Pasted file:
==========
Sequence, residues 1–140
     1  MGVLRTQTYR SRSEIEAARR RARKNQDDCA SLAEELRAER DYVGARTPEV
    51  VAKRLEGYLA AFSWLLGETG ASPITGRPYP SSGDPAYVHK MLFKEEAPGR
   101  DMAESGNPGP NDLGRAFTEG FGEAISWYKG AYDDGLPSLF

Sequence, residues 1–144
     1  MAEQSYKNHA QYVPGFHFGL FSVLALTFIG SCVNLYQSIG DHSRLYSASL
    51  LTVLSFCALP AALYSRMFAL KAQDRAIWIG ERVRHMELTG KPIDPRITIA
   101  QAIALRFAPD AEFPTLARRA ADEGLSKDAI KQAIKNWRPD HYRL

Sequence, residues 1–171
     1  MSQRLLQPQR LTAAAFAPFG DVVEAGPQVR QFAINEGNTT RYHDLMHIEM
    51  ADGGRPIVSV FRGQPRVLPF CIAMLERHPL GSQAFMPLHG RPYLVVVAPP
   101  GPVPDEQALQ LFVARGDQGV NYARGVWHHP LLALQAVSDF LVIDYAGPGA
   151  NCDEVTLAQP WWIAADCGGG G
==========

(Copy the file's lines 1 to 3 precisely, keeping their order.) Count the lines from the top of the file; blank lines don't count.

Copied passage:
Sequence, residues 1–140
     1  MGVLRTQTYR SRSEIEAARR RARKNQDDCA SLAEELRAER DYVGARTPEV
    51  VAKRLEGYLA AFSWLLGETG ASPITGRPYP SSGDPAYVHK MLFKEEAPGR